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Be careful who you work for.

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I found a job posting that looked pretty good. $40 for about an hours work. Not too shabby for a guy working his way up the ladder. The job itself was supposed to be simple. "create a friend button that appears on a profile and that profile's web posts if that profile is following the logged in user". Simple, right? Pull a value from a table, if it's 1, show the button, if the button's clicked change a value in a table. The employer's profile looked nice. 900+ jobs, highly rated. The prices were all around my range though - but that didn't bug me too much.

It's been 4 weeks now.

I seem to have made a huge mistake. Firstly, the work environment was horrid. I was given FTP access to a development server. That's when I noticed the first problem. The code was a mess. To complete one thing more than 5 files were used. It seems as if they threw code at it until it worked. You know how people say "PHP is bad because it's very easy to achieve what you want, the wrong way"? This is quite possibly the worst offense I have seen. It took 25 seconds to load one page in Google Chrome - precached. This made development a nightmare.

No problem though, right? I've dealt with slow uploads and slow servers before. Heck that's what I started on. It'll be just like old times.

Yeah - well old times didn't have code like that. I'm 99% sure those 900+ jobs that were around ~$50 each were for the same site. I could look at the job history and see jobs for features I also see in the site. Do you know what happens when you have that many developers working on the same project, with a bad project manager? A nightmare of code. 4000 line do-everything pages, "template" things that send you on hunts for certain strings and replacements, meaningless variable names, inconsistent design patterns. OOP? Don't you dare say that word on this server. I'm pretty sure they use comment programming.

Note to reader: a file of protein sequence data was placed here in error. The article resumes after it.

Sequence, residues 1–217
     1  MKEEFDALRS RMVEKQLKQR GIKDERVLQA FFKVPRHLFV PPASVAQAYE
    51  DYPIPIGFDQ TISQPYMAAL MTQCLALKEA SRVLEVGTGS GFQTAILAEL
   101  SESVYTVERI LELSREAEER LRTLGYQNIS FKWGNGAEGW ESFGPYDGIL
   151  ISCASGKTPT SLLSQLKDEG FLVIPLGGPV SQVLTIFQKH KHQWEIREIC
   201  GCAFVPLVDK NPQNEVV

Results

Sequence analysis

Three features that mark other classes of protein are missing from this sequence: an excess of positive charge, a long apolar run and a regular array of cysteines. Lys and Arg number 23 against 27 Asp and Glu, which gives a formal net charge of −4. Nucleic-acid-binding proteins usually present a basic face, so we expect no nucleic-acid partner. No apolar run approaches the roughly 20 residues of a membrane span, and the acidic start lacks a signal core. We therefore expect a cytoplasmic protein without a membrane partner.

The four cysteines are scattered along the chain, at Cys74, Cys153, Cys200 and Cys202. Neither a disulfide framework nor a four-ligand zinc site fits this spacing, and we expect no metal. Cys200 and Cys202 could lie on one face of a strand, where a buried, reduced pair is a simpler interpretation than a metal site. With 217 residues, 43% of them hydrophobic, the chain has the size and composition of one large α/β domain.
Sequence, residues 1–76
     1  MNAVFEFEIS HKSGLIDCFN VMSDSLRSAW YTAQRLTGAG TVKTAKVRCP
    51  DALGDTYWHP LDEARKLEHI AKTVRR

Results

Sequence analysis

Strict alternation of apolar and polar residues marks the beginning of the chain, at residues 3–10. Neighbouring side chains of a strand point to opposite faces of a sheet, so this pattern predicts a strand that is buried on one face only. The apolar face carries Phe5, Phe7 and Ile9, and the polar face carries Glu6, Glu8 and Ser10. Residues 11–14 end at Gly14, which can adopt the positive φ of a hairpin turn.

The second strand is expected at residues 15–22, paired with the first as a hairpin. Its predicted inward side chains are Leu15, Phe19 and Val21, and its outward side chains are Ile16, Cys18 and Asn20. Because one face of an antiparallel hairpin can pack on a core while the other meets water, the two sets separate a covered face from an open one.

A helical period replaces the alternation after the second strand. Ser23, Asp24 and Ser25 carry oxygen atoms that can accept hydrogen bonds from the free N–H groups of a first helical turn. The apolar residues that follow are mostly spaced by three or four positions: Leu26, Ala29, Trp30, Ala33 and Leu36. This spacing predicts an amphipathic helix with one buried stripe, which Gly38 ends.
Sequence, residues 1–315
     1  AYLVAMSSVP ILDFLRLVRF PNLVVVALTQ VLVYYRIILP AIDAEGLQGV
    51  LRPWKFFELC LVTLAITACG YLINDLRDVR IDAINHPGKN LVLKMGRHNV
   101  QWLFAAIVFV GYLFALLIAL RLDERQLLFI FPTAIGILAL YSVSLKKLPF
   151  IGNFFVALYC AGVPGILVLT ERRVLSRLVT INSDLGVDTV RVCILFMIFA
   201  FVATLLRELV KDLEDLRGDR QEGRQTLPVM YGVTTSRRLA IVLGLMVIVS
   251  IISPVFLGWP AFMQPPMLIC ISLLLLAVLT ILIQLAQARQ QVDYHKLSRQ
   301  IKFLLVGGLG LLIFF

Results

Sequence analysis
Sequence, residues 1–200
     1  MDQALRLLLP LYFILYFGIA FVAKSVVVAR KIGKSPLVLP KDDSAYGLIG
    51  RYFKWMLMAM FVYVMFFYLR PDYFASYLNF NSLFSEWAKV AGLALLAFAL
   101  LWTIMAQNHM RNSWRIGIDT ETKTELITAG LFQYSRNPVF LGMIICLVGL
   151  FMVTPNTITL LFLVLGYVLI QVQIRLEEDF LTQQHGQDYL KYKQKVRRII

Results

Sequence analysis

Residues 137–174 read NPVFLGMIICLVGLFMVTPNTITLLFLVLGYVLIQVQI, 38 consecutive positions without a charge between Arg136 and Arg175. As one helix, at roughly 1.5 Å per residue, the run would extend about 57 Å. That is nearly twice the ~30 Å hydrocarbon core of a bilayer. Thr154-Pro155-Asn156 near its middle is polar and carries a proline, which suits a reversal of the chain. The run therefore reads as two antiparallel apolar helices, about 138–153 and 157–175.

Here's 100 lines of it. It's like that. The whole project.


Now, now, enough of me ranting about their mistakes. Now it's my turn. I didn't hack out the code in one hour like I mentioned earlier, it took me a couple days at first. It included many embarrassing updates which points out bugs and various problems. I got stuck in a loop where I'd mess something up, and they're ask me to fix it PLUS add extra functionality. Fear of a bad report got the best of me. Turns out on my first *final* update, I didn't do what he wanted. That's right, I interpreted the project wrong. He didn't want the button to work. No no no, he just wanted the button to show up. That was it. After a wild goose chase of fixing one thing breaking another, turning it in only to find out I messed up on something, I learned a very valuable lesson.

1. Learn the hard lesson of: The code is going to suck. You're not going to jump into a big project, edit a couple lines, and get out. You're going to have to learn everyone else's thought process and follow it.

2. Don't undersell yourself for the best-case scenario. I was hoping for a quick job on a site that would be something like mine. I was wrong. Don't let this happen to you.

3. Stand your ground, but be fair. Don't be afraid of a bad report. On most freelancing sites you can rebuttle them! However saying that, don't do the wrong thing and then expect to be paid for it.


I'm going to try to follow these rules from now on. Ignoring obvious signs and jumping into a project without really thinking about what it entails put me in a deep hole. The money was not the lesson on that job. It was the wisdom and experience I have gathered.

2 Comments On This Entry

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BenignDesign Icon

10 December 2012 - 02:12 PM
You say "comment programming" like it's a bad thing.
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Munawwar Icon

14 December 2012 - 01:03 AM
Comment programming isn't required if you have an awesome SCM tool like git (Just make a branch and put the "experimental" stuff there). Plus I am not a fan of having commented debug statements in code.
@creativecoding: php,html,js and css mixed into one file makes the code horrible (It reminds me of my early days of PHP programming :D :P).
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